SAG-AFTRA Responds to Studios, as Some Progress Seen Toward Ending Strike

SAG-AFTRA delivered its response Thursday to the latest proposal from the major studios, as the two sides appeared to be making progress toward ending the actors strike.

The sides are expected to pick up negotiations again on Friday. Both sides are trying to avoid another breakdown in talks, and each one has a strong incentive to get to a deal.

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The studios have warned that next year’s summer blockbusters could be postponed, and TV shows could be canceled, if no deal is reached in the coming week. The union sees that as an empty threat, but is also dealing with growing restlessness among its A-list members.

On Thursday, SAG-AFTRA reduced its demand for a first-year increase in minimum rates from 11% to 9%. That inched closer to the studios’ position, which stands at 7%.

Still, some cautioned against getting overly optimistic.

“Nothing was resolved,” a studio source said.

After 9 p.m., the SAG-AFTRA Negotiating Committee confirmed to members that talks would resume on Friday.

“Today, we passed a comprehensive counter across the table to the CEOs and while talks for the day have ended, our committee just completed working internally tonight,” the committee said. “We are scheduled to meet across the table again tomorrow.”

The two sides are still at odds on many other issues, including artificial intelligence. Some progress has been seen in that area, though SAG-AFTRA continues to demand that the union be allowed to veto uses of AI in creating digital replicas.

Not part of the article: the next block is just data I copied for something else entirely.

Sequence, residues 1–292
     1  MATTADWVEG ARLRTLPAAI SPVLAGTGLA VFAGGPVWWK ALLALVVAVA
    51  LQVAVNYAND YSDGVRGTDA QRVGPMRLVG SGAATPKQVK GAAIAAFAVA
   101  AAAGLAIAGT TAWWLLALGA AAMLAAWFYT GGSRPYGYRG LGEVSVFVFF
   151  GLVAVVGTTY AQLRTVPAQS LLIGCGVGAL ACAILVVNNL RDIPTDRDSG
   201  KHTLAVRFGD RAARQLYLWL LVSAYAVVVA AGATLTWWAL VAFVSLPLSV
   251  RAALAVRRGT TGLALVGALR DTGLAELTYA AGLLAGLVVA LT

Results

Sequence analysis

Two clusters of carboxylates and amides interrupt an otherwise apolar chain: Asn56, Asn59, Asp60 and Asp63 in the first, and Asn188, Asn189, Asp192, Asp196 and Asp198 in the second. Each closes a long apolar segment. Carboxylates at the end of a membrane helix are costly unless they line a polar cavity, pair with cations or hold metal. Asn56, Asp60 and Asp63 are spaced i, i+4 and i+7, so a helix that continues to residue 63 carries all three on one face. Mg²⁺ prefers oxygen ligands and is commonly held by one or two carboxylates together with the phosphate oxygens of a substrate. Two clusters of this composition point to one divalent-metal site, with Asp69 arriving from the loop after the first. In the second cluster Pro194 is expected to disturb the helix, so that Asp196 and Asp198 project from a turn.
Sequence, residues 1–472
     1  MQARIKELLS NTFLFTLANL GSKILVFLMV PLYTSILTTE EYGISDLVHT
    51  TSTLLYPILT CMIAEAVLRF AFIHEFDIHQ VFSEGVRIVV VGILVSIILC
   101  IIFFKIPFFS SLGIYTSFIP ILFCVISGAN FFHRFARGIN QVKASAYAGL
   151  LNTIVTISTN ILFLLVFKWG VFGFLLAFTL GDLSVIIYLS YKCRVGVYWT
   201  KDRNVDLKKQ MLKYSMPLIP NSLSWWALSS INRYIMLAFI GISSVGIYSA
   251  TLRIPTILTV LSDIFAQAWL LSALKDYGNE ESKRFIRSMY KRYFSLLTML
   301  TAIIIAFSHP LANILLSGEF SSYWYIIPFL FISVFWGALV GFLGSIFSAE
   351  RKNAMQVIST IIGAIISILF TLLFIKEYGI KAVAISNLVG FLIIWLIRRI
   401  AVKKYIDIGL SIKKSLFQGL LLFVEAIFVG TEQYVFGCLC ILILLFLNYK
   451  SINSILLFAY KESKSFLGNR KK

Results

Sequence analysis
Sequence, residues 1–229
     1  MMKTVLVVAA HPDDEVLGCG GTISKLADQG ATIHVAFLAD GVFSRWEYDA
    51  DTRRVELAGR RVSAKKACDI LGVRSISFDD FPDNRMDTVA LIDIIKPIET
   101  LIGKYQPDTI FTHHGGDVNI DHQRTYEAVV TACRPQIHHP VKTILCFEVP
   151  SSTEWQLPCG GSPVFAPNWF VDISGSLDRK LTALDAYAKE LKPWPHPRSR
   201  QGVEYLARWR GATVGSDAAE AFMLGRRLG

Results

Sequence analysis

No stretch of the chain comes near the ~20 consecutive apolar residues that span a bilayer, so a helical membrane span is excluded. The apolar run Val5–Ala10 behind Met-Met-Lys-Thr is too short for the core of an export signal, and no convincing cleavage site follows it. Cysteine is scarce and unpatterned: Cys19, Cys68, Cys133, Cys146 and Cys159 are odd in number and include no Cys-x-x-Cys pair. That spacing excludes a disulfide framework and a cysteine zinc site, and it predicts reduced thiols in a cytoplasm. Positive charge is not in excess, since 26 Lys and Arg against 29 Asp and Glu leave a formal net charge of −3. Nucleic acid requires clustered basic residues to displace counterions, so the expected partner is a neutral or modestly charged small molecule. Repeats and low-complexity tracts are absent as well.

The Alliance of Motion Picture and Television Producers has agreed to obtain consent from performers — though the precise details are still uncertain — but has drawn the line at giving the union a veto as well.

There is also a long list of unresolved items that have received less public attention, but which may take considerable time to sort out.

The CEOs of four major entertainment companies — Disney, Netflix, NBCUniversal and Warner Bros. Discovery — delivered their latest offer on Tuesday.

The union, led by Fran Drescher, has insisted on taking a cut of revenue amounting to 57 cents per global subscriber from each platform. That would generate about $500 million a year.

The studios have rejected that, calling it “untenable,” and instead offered an increased bonus for the most-watched shows.

On Tuesday, the AMPTP also offered the 7% increase in minimum rates. The studio alliance had previously insisted on 5% — the same given to the Writers Guild of America and the Directors Guild of America.

The 7% increase would “break the pattern” — allowing SAG-AFTRA leadership to show members that their months on the picket lines were worth it.

The two sides spent much of Tuesday arguing about the total value of the studios’ proposal. The studios estimate it at about $1.3 billion over three years. But SAG-AFTRA contends that number is inflated, because actors at the upper end do not work for minimum rates, and would not see an increase. SAG-AFTRA argues the true value is around $800 million.

SAG-AFTRA has long demanded an 11% increase in minimums, saying anything less would not keep pace with inflation.

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